CCR's 1968 debut album had introduced their raw, stripped-down roots-rock style, driven by John Fogerty's distinctive vocals. Their second album continued in this vein - a guitar-driven fusion of rock, blues and country. By this point Fogerty's songwriting had come to dominate their repetoire, as Bayou Country only contained one cover (Little Richard's "Good Golly Miss Molly"). And it was here that he was recognised as a talented and unique songwriter, with his very own vision of Americana, part working class realism and part Southern mythology. Because although the band hailed from California, the sound they were forging was deeply rooted in the South, and in particular Fogerty showed an affinity with the state of Louisiana (which explains the album title). Bayou Country contained two songs which were landmarks in the history of CCR - "Born On The Bayou" and "Proud Mary", which painted a vivid picture of life in the swamps. The former was flavoured with mystical 'hoodoo' imagery, the latter portrayed river life working on the steam boat of the song's title. "Proud Mary" was released as a single, backed with "Born On The Bayou", and reached #2 on the pop charts, whilst the album itself peaked at #7. CCR were going places fast, and with Bayou Country they had carved out their own unique identity.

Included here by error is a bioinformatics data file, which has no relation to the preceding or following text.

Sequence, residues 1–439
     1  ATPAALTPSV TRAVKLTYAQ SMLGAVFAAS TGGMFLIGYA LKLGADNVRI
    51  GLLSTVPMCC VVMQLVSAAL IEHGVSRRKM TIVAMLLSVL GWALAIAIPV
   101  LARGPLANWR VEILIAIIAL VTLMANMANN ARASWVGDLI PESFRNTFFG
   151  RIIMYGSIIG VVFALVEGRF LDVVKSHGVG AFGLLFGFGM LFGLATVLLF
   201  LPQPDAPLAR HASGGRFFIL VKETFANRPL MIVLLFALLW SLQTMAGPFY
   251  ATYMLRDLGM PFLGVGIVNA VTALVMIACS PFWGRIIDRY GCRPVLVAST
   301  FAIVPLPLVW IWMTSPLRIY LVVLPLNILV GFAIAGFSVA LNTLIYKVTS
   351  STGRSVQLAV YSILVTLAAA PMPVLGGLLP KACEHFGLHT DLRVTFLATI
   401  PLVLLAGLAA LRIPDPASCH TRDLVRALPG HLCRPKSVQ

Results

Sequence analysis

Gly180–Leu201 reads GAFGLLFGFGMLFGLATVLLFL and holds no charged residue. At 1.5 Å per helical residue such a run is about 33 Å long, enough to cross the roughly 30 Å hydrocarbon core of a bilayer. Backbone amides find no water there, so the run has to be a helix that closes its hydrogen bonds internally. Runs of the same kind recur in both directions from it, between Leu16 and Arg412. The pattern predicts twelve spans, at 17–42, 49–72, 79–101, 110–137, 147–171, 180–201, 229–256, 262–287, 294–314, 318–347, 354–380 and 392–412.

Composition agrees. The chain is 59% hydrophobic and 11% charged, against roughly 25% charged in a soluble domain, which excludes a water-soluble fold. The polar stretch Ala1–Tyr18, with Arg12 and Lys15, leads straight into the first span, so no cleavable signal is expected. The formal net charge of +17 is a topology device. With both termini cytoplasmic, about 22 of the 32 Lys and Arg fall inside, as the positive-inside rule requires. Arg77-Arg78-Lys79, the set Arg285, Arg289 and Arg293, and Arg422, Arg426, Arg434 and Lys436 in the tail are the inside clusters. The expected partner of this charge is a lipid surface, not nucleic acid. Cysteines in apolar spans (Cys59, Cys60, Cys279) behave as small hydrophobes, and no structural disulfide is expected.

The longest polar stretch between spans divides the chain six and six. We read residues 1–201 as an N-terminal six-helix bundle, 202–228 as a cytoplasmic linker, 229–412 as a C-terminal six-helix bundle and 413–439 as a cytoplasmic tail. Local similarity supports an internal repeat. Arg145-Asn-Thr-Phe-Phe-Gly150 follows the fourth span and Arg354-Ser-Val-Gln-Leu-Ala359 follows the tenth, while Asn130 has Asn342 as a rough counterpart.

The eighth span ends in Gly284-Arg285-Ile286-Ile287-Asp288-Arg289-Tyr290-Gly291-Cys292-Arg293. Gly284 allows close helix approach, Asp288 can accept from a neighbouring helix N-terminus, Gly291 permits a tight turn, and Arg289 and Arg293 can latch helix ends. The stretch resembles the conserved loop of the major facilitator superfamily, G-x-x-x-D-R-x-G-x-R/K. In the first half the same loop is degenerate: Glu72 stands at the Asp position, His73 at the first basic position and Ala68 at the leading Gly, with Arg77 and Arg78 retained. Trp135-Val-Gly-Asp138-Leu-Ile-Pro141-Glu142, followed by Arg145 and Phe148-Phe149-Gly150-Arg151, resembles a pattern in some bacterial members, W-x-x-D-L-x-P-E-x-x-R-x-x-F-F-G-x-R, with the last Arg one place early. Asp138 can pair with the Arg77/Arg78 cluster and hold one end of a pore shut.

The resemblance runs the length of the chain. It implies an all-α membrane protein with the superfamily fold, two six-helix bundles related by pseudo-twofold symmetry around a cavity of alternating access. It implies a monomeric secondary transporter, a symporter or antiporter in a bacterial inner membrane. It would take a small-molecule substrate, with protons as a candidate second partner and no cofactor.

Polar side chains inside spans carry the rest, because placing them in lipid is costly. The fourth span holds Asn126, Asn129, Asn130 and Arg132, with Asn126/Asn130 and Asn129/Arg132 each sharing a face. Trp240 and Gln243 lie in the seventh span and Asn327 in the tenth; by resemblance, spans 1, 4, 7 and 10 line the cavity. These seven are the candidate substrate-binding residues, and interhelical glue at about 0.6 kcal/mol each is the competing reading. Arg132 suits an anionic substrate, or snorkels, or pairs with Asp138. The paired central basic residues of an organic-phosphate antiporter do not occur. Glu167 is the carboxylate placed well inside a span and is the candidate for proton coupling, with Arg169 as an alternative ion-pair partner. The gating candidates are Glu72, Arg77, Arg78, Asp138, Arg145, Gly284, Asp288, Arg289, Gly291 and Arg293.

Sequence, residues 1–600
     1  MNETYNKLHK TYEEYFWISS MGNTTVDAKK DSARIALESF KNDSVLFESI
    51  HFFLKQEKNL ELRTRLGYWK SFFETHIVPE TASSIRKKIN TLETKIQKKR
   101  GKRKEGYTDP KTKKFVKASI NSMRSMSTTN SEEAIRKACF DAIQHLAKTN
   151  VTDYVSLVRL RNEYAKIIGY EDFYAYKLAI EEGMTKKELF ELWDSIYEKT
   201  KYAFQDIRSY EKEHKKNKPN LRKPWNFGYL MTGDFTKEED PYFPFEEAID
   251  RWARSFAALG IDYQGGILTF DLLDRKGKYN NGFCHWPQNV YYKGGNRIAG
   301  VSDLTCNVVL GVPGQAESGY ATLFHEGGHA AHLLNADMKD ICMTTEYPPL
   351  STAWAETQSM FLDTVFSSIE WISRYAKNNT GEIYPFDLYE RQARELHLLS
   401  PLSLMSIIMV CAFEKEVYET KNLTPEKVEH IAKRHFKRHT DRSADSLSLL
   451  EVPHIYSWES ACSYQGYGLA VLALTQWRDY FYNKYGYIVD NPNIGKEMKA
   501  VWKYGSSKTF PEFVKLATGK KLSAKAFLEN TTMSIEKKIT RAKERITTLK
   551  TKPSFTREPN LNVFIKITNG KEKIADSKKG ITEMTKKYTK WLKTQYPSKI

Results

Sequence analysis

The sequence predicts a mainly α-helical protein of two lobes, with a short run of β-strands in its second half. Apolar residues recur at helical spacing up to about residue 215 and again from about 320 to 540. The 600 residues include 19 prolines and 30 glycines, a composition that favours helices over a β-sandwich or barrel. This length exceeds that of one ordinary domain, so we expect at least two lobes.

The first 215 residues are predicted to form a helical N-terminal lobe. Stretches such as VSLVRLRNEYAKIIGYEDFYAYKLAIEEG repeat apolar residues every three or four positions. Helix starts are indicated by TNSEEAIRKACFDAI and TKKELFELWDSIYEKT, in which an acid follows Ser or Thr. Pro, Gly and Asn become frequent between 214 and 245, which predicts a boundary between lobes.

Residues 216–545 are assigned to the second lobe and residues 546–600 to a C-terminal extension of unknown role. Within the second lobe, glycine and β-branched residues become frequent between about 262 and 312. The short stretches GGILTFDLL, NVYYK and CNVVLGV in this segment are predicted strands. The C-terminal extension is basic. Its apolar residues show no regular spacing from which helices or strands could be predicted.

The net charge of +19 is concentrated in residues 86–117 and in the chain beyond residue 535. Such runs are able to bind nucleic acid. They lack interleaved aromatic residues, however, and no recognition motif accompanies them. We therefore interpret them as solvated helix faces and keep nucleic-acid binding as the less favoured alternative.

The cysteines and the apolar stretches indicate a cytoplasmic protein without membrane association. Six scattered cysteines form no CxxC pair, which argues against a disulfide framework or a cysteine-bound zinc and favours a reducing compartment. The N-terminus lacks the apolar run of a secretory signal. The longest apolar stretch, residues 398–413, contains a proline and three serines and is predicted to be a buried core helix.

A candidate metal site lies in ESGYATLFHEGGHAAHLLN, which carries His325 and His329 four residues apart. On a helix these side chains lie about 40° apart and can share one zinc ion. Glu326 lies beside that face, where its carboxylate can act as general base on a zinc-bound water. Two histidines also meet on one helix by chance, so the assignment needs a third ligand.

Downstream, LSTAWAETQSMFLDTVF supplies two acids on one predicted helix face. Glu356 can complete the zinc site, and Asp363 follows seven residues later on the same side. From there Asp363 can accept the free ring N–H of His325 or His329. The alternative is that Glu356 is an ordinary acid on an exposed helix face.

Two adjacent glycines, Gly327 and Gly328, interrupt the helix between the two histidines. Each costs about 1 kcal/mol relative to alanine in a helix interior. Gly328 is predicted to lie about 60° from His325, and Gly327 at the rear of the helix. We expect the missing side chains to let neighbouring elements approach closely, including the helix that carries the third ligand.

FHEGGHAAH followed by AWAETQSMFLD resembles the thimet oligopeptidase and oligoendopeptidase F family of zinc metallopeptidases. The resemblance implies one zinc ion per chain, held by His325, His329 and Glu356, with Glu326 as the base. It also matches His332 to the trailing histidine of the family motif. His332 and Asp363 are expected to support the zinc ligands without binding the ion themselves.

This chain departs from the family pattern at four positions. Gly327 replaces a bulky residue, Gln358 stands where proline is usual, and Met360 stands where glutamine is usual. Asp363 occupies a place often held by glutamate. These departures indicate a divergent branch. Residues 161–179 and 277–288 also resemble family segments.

Creedence Clearwater Revival (1968) <|> Green River (1969)
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